Rebecca Knight, writing for the Harvard Business Review, has produced a few “survival strategies” for those who work in an acoustically uncomfortable environment. She was assisted by Karen Dillon, author of the HBR Guide to Office Politics, and David Burkus, an associate professor (US)außerordentliche(r) Professor(in)associate professor at Oral Roberts University.
1. See the positive side
Dillon recommends trying to “to embrace sth.etw. positiv annehmenembrace the open office concept by focusing on the positives, ‘the bondinghier: Intensivierung von Beziehungenbonding’, and downplaying the negatives”. She adds that you don’t want to be to label sb. sth.hier: jmdn. als etw. abstempelnlabelled “difficult”.
2. Speak up
“Have a conversation with your team about how you can all work optimally in an open office,” Burkus suggests. However, he recommends first speaking to your manager so that the discussion comes from leadership. As a team, your goal is to come up with norms that you can all agree on and stick to.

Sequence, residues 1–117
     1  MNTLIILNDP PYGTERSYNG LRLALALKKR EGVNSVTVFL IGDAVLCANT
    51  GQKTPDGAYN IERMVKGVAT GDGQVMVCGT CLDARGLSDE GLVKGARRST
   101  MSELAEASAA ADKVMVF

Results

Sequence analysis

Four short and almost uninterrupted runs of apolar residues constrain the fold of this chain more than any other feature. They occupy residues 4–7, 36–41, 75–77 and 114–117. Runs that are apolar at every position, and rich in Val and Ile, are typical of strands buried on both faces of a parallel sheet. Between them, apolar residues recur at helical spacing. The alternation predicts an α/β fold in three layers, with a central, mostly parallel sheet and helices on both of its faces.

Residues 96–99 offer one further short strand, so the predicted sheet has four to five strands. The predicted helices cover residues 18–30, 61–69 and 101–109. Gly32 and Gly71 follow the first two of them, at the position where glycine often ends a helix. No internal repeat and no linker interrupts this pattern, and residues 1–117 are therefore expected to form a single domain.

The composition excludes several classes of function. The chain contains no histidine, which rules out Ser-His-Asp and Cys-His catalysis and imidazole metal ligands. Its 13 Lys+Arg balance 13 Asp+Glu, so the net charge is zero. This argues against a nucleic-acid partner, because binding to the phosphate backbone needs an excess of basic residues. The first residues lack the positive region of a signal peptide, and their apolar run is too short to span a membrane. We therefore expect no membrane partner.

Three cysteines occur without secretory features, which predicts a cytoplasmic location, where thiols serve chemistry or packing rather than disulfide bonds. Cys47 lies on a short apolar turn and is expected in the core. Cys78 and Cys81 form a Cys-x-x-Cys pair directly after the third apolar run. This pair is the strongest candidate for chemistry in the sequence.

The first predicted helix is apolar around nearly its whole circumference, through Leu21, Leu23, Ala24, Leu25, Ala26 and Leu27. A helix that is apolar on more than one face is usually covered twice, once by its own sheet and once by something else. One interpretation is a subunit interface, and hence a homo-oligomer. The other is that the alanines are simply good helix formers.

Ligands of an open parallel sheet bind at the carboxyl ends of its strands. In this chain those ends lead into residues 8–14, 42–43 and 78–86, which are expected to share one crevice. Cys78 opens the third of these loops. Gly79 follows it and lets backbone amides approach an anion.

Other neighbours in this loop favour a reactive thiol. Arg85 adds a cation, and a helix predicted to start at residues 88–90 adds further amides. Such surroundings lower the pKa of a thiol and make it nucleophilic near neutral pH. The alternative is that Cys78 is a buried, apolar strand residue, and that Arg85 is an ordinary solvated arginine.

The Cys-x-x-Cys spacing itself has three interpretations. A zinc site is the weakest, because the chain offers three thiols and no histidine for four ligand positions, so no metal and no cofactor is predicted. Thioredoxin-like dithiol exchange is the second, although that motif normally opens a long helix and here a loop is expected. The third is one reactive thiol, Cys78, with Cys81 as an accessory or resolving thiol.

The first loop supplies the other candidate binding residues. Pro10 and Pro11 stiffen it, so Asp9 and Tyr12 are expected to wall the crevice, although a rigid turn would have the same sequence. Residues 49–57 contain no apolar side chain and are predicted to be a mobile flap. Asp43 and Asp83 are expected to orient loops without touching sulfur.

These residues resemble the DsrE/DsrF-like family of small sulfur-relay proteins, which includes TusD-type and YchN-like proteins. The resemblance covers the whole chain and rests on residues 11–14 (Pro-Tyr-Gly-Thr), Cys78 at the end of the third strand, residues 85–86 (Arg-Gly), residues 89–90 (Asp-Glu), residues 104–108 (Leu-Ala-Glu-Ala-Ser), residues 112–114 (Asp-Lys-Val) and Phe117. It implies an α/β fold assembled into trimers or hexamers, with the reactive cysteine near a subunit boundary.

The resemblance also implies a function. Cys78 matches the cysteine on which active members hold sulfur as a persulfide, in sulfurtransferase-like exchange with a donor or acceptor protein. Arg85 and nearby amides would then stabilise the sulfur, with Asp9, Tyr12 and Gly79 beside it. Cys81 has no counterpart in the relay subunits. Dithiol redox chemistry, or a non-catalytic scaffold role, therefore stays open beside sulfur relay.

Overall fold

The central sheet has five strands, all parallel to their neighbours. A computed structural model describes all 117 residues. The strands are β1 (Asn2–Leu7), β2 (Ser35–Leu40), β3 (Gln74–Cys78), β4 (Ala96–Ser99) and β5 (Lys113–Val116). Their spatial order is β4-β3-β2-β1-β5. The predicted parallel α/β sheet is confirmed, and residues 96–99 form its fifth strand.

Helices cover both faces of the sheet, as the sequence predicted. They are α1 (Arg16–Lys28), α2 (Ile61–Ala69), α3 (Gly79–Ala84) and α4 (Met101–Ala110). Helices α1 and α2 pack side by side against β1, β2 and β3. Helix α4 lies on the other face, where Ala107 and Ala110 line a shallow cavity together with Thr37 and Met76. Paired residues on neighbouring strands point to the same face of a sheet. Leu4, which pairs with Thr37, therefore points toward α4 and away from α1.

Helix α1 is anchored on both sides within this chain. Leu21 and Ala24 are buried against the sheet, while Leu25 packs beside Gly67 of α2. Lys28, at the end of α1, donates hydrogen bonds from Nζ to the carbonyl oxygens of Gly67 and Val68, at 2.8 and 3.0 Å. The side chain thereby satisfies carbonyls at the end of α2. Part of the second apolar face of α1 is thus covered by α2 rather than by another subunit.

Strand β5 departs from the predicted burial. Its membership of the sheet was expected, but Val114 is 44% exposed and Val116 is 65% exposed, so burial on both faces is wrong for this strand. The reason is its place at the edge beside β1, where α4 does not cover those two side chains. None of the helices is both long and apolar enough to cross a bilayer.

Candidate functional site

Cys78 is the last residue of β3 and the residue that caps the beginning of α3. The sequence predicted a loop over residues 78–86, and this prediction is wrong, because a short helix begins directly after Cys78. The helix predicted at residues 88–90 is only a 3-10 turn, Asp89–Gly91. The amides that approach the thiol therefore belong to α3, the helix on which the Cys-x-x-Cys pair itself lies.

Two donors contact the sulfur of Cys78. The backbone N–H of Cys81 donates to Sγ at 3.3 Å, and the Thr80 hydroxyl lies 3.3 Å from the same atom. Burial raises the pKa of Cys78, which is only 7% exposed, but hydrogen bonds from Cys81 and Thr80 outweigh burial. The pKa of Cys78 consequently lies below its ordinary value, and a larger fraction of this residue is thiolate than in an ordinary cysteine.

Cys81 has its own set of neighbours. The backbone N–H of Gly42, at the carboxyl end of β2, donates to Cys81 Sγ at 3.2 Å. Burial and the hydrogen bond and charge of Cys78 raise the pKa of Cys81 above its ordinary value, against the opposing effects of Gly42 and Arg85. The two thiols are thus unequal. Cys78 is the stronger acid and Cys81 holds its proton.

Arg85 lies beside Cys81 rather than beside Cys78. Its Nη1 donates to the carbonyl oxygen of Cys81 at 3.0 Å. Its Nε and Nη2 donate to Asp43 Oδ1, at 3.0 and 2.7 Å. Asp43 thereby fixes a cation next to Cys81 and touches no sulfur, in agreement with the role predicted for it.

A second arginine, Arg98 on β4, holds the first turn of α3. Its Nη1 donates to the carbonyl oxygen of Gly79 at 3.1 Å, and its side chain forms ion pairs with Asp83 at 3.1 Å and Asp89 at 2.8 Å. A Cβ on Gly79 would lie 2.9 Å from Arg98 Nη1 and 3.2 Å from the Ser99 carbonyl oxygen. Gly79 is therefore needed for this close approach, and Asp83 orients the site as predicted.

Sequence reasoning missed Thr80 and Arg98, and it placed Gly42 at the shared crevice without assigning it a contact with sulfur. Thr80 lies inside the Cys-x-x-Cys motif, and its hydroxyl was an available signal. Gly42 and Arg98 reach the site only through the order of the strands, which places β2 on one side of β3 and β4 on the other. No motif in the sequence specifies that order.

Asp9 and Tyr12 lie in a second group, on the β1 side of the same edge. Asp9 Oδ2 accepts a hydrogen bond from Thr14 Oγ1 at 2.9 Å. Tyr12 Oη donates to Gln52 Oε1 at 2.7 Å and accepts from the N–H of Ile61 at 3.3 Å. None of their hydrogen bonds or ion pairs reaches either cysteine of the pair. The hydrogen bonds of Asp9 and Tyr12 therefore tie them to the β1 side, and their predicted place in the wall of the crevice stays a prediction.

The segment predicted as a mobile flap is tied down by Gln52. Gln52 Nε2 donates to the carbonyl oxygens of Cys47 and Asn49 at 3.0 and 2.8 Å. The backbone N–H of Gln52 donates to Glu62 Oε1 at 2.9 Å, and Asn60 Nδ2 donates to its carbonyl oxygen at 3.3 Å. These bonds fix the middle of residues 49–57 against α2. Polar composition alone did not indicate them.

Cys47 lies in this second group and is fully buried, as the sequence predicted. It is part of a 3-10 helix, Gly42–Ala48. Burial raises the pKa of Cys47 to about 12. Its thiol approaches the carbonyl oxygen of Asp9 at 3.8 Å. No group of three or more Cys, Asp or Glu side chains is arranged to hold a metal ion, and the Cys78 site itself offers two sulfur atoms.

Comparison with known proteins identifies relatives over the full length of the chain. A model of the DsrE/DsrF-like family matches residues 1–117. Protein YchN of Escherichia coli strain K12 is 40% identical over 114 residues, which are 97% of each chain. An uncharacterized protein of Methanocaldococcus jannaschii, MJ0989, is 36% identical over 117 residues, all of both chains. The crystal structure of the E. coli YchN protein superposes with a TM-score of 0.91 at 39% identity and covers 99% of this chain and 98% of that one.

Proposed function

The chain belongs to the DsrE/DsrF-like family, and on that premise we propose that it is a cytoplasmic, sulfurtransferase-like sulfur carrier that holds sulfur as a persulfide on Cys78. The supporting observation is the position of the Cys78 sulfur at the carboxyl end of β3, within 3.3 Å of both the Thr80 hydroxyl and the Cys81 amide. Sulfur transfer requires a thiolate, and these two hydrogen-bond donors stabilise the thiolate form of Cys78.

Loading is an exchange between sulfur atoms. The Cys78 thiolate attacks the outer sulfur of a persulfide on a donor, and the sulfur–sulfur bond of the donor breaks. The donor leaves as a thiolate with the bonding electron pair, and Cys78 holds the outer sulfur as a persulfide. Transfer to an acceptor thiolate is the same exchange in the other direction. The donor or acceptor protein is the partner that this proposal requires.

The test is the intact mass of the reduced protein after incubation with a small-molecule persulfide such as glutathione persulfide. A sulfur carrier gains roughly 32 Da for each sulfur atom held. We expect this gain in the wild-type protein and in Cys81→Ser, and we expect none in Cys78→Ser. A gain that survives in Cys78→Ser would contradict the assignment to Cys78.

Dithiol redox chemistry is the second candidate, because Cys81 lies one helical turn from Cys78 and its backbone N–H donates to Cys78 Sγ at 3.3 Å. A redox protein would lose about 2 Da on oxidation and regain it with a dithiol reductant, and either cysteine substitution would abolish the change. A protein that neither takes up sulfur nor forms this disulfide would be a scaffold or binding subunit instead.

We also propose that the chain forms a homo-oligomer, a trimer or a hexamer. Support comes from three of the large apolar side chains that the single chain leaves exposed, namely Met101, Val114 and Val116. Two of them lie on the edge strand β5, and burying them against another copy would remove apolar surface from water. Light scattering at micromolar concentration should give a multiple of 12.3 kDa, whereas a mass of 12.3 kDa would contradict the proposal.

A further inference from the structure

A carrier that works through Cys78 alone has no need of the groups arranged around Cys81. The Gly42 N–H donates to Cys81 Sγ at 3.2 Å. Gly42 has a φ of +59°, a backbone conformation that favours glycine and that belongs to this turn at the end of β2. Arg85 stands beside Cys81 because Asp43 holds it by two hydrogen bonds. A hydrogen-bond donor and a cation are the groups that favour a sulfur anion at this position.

3. Invest in headphones
Dillon recommends buying a set of noise-cancelling headphones for those times when you are working on something that requires deep concentration. Headphones also “serve as a visual cueHinweiscue to your colleagues that you are not to be disturbed unless it’s absolutely necessary”.
4. Move around the office or leave the office
“You should take full advantage of empty conference rooms, semi-private cubicleArbeitsplatz (in einem Großraumbüro)cubicles and quiet alcoveNischealcoves,” suggests Burkus. Ask your manager if you can work somewhere else for a while, such as the cafe across the street. Burkus says this is an easier request than asking to work from home, making it more difficult to refuse.